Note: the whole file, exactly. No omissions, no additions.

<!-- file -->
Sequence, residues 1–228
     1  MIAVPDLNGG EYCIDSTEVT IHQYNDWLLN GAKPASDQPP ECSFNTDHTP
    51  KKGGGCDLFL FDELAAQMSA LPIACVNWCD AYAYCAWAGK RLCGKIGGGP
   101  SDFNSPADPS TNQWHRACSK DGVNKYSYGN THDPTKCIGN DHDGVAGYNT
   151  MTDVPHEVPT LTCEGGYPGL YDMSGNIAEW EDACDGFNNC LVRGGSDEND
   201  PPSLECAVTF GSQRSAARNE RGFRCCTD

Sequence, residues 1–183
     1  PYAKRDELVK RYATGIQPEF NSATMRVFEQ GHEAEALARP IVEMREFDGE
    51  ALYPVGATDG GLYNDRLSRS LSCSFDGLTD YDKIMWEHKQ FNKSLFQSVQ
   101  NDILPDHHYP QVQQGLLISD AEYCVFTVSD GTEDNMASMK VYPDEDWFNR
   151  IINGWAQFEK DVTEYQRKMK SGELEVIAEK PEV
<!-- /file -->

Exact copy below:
Sequence, residues 1–228
     1  MIAVPDLNGG EYCIDSTEVT IHQYNDWLLN GAKPASDQPP ECSFNTDHTP
    51  KKGGGCDLFL FDELAAQMSA LPIACVNWCD AYAYCAWAGK RLCGKIGGGP
   101  SDFNSPADPS TNQWHRACSK DGVNKYSYGN THDPTKCIGN DHDGVAGYNT
   151  MTDVPHEVPT LTCEGGYPGL YDMSGNIAEW EDACDGFNNC LVRGGSDEND
   201  PPSLECAVTF GSQRSAARNE RGFRCCTD

Sequence, residues 1–183
     1  PYAKRDELVK RYATGIQPEF NSATMRVFEQ GHEAEALARP IVEMREFDGE
    51  ALYPVGATDG GLYNDRLSRS LSCSFDGLTD YDKIMWEHKQ FNKSLFQSVQ
   101  NDILPDHHYP QVQQGLLISD AEYCVFTVSD GTEDNMASMK VYPDEDWFNR
   151  IINGWAQFEK DVTEYQRKMK SGELEVIAEK PEV